This sounds like a call to arms, but it’s also a pretty good description of what Brandless is up against. The startup faces the double challenge of informing Americans that they’re being shaken down and convincing them that a brand they haven’t heard of is the solution. No one is currently rioting about granola. There are no late-night comedians mocking the ridiculous hubris of coconut oil companies the way Rob Corddry, in a deadpan Daily Show segment, once skewered Gillette with an over-the-top (and terrifying) design for a 10-bladed spinning razor. Even Dollar Shave Club, which Brandless sees as a kindred spirit, wasn’t pitching cold. Back when it launched in 2012 and its gag-filled ad, “Our Blades Are F***ing Great,” went viral in 24 hours, the startup was tapping into a well of deep rage over outrageous razor blade prices. Avery sums it up: “It’s unclear whether consumers have the same pricing concerns about peanut butter.”


Here’s something that Brandless unequivocally has going for it: Many of its prices are much lower than its competitors’. Brandless’s housewares—knives, basic porcelain dishes, cooking utensils—undercut Amazon’s by 30 percent, according to a San Francisco analysis of prices (which covers its first 165 products, accounting for variations in quantity and serving size). Overall, Brandless’s packaged food and beauty items are 26 percent cheaper than comparable products at Whole Foods. And they’re nearly 20 percent cheaper than comparable Walmart products (though “comparable” is a bit of a stretch in the case of Walmart’s Great Value house brand, which has faced multiple food recalls in recent years). Brandless actually puts its savings at an average of 40 percent across all categories, though this estimate is pegged to the prices of similar national brands; it ignores popular private labels like Whole Foods’ 365. But the shipping fee delivers a blow: It’s $9 unless you spend at least $72 to qualify for free shipping. (That drops to $48 if you buy an annual membership for $36.)

Still, even eager repeat buyers have to wonder: How can Brandless sell high-octane stuff at bargain-basement prices? Three bucks is the kind of price point that doesn’t inspire a whole lot of confidence. The company maintains that all of its products are high quality, sustainably sourced, and made with fair labor practices. But it declines to explain how it sources every product (it keeps its suppliers and their processes secret for proprietary reasons). After some pressing, Brandless’s product team handpicks a few partners to tell me how they make the numbers work. A representative of its Italian olive oil supplier, for instance, explains that it sells its organic extra-virgin olive oil to Brandless for less than it sells the same stuff to distributors. This is because getting distributors to agree to carry the olive oil costs money—in outlays to attend trade shows and in marketing expenses—to the tune of $15,000 to $30,000 per year. Working with Brandless, the supplier says, “We don’t have any costs.”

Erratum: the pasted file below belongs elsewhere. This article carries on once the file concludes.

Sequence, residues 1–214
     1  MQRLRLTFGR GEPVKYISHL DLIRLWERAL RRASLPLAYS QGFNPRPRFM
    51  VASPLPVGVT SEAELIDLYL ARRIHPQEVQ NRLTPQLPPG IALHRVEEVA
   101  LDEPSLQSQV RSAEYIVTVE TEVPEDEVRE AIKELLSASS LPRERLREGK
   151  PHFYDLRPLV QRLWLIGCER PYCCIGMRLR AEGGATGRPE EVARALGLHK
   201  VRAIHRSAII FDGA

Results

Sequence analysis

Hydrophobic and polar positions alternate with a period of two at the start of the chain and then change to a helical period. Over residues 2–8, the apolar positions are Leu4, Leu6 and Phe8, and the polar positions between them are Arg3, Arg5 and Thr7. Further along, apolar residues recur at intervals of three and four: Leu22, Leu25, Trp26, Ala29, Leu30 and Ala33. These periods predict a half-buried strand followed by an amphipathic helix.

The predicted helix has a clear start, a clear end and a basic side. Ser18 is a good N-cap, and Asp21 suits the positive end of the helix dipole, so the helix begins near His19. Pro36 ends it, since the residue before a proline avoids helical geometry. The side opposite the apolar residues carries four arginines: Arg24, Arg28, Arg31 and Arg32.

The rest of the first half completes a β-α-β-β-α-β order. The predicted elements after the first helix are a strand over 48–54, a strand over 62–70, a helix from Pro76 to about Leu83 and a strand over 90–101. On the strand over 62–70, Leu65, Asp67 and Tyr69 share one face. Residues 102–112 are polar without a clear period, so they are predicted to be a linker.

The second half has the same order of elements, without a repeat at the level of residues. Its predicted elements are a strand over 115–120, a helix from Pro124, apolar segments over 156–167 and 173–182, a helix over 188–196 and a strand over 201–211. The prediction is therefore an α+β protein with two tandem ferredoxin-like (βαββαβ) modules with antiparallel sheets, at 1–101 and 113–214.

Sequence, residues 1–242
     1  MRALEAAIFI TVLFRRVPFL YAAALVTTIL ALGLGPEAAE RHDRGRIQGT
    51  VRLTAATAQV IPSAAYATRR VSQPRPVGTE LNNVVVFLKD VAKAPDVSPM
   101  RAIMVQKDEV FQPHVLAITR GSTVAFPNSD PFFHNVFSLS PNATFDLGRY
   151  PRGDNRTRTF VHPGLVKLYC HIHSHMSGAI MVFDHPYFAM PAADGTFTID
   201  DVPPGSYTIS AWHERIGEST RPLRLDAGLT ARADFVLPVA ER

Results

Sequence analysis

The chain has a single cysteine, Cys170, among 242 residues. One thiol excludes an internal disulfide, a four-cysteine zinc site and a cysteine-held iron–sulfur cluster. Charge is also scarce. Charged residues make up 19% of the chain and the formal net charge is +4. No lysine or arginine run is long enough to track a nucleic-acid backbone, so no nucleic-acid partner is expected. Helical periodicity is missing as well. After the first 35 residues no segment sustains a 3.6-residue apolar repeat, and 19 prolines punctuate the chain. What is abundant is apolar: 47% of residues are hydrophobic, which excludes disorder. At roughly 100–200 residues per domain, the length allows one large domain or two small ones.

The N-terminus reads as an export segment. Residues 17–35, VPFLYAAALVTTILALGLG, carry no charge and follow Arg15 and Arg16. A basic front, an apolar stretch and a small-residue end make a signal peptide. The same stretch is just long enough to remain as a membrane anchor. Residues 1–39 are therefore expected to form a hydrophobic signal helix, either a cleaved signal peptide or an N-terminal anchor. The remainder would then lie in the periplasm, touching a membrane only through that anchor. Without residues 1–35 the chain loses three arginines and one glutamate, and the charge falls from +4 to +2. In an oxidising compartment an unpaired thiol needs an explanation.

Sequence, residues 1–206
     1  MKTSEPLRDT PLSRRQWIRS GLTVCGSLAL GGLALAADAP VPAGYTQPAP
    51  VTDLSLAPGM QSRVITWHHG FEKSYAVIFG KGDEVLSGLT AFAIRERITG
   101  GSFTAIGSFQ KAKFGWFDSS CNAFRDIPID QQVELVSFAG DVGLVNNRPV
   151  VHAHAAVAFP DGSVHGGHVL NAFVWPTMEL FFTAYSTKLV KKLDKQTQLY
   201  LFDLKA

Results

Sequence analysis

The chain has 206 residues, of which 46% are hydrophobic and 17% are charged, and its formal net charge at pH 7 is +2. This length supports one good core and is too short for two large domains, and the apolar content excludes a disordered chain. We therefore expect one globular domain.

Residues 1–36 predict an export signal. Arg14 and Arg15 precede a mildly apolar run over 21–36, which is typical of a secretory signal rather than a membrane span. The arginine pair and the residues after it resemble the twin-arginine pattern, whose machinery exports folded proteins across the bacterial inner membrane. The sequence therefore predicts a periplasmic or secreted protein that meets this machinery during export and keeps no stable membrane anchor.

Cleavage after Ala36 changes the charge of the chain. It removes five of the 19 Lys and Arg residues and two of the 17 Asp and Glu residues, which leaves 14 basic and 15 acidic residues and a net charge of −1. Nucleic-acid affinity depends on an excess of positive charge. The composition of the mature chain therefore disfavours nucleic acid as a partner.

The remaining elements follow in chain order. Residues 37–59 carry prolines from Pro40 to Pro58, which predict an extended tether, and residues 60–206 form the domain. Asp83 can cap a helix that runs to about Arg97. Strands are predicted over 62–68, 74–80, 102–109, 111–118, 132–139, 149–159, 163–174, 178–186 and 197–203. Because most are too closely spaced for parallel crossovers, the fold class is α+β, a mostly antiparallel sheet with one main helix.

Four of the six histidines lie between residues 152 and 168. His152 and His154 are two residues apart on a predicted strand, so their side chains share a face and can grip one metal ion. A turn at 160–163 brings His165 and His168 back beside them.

Perhaps the place where Brandless is asking for the biggest leap of faith is in the household aisle. Justin Sirotin, an adjunct professor of manufacturing techniques at the Rhode Island School of Design (RISD) and the founder of Octo, a product and software design consulting agency, raises an eyebrow at the $3 chef’s knife and the $3 pizza cutter. “You can’t make a pizza cutter for $3 that works like a $20 pizza cutter, because steel is steel,” he says.

To assess the chef’s knife, San Francisco sent one to Galen Garretson, owner of the Lower Nob Hill shop Town Cutler, which hand-makes high-end culinary knives. His verdict? “It’s definitely a $3 knife,” he says. “It’s really kind of awesome that someone can sell that for $3.” But how does it cut? Rather than try it out on food, Garretson put the knife to a more sensitive test: “I tried shaving some hair on my arm with it. It didn’t seem to cut at all.”

Steel tools aside, the company’s quality-at-a-bargain claims pass the smell test for RISD’s Sirotin. “They’ve  been extremely selective with the product line,” he says. “There is a threshold where if your stuff is too cheap, people won’t buy it, but most of what they have doesn’t require a lot of performance. That ceramic mug will hold fluid. The silicone spoon will scoop stuff. The can opener will probably open cans.”

That’s a less sexy, more matter-of-fact version of what Brandless has been saying all along: Commodities are commodities, and we shouldn’t pretend that high prices and made-up narratives endow them with mystical powers. Back at Leo’s, Sharkey returns to the topic of retail brands that talk too much, filling shelves and ads and heads with sound and fury, signifying nothing. “We’re being barraged all day with things that don’t matter,” she says. “We’re saying, ‘Balsamic vinaigrette is just awesome, it’s organic, it’s non-GMO.’ That’s really it. We don’t need to tell you anything else. Go live your life.”

Just so long as you remember to Instagram about it.


Originally published in the October issue of San Francisco